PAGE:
Friday, June 13, 2008

Mortgage Scam

I will NOT name lenders here (since they all do this) but I am sooooo ticked about the latest mortgage scam that we have discovered: PMI. Yeah, it's that silly extra insurance that you have to pay each month if you put down less than 20% of the home's cost at closing. For the most part, that makes sense to me and it's a simple math problem to figure out. Say for instance that you are buying a house for $200,000; 20% of that is $40,000 so at closing you would need to shell out about $48,000 ($40K down plus $8K closing costs) to avoid paying PMI. If you only put down 10% at close ($20,000) PMI would be about $80 a month until your principal amount is down to 80% of the cost of the house.

Here's the first scam:
When purchasing the house for $200,000; if the house is appraised by the mortgage company for, oh say $275,000 then THAT'S the amount that the mortgage company will force you to insure the house for. This can result in an increase in your annual insurance payment of up to $1,000 which increases your escrow payment by $100 a month. I know that equals $1,200 but mortgage companies like to have an escrow 'cushion' of at least 2 month's payments at the lowest balance. So here, the mortgage company is earning interest on your escrow payments (which are based on the inflated amount that your home is insured for) for the whole year.

And here's the second scam - the part that really makes me mad:
When the mortgage company determines your loan-to-value ratio (LTV), which has to be at 80% or below before you don't have to pay PMI anymore, they divide the current principal balance by the appraised value of the property at the time the loan was closed or by the contract sales price, WHICHEVER IS LOWER. So even though they make you insure the house for appraised value of $275,000 instead of the purchase price of $200,000 , they TOTALLY ignore that appraised value when it comes to figuring the home owner's equity in the house to get rid of the PMI.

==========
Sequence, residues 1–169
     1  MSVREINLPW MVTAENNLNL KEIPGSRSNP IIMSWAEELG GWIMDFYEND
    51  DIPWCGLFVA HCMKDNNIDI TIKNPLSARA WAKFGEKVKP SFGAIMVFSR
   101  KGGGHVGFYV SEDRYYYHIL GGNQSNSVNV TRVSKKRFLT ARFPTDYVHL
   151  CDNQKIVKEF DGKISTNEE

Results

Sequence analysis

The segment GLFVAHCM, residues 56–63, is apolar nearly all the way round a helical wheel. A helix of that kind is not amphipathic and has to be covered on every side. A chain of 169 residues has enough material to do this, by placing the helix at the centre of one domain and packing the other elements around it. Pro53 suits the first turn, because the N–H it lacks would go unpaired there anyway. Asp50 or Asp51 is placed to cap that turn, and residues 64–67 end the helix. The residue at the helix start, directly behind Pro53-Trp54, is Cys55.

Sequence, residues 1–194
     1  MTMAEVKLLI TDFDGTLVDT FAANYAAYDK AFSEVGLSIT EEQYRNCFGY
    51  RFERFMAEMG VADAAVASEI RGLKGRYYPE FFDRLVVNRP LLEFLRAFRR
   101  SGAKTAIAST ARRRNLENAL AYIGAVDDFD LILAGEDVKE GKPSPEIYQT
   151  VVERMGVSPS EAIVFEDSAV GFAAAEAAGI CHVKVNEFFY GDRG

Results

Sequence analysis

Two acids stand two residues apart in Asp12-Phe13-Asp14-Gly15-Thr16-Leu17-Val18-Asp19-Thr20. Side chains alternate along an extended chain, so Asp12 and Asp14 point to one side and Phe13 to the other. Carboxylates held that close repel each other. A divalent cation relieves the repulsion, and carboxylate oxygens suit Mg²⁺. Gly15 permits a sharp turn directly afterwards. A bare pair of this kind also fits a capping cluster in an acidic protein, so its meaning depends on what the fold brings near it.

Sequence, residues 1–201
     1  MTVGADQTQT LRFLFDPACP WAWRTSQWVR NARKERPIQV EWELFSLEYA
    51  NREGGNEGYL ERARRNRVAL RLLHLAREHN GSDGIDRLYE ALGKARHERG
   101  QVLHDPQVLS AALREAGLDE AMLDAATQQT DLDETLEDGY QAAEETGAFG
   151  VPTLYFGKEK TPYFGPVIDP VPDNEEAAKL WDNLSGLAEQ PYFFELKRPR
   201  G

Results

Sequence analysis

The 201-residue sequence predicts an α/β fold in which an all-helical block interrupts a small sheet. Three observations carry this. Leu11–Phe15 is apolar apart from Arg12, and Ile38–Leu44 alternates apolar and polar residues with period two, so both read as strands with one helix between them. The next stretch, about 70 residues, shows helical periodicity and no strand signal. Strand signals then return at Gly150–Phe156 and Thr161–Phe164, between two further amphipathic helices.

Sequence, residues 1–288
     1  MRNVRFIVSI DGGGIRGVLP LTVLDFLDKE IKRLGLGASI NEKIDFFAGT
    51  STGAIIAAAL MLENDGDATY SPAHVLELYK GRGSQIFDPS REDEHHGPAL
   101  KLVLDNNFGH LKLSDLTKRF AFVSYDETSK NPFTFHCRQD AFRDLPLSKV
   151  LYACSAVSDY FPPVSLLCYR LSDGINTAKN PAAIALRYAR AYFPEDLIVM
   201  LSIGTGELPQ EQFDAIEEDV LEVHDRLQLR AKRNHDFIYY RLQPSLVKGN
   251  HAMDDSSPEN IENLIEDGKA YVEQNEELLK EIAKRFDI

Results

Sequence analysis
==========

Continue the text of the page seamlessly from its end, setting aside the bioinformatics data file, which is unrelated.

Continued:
So, not only are they earning interest on an extra $100 a month that you have to pay for the home owner's insurance, they are making another $80 a month for PMI. Because, of course, the PMI is being purchased, on your behalf, from one of their subsidiaries. And you have to pay the PMI for 7 to 10 years or possibly longer. So that's an extra $2,000 a year that you are paying the mortgage company for 10 years. The PMI costs you almost $10,000 , and that's money you'll never see again. But most people look at from the monthly standpoint and $80 a month isn't so bad - it's a date night, or one concert ticket.

Reminder: DO NOT look at that piece of paper in your closing paperwork that states how much interest you are going to pay over the life of the loan! Yes, you could buy a whole other house with that money that you pay to borrow the money.
Think about that same $200,000 house with 10% down, a 30 year, fixed rate mortgage at 6.5%: you're monthly payment will consist of Principal + Interest of $1200.93 (those first 2 years of payments have less than $200 going towards principal and over $1,000 going to interest) PLUS your escrow payment of about $500 a month for insurance and property tax PLUS the PMI for 10 years so each month you are paying the mortgage company about $1,800 each month. For the other 20 years you'll probably pay the same or more, allowing for increases in your insurance rates and property taxes. So at the end of 30 years you'll have paid about $650,000 for your house. Now granted, $216,000 of that was for taxes and home owner's insurance; but the P&I total is $432,334! Yep, over 30 years you'll pay $242,334 IN INTEREST for that house.

The moral of all of this?
Buy as affordable of a house as possible (could you afford the monthly payment on just one income?). Put as much down on your house as you possibly can. When you have extra money, make extra PRINCIPAL payments instead of buying a new car or vacation or TV or bicycle or purse or boots!

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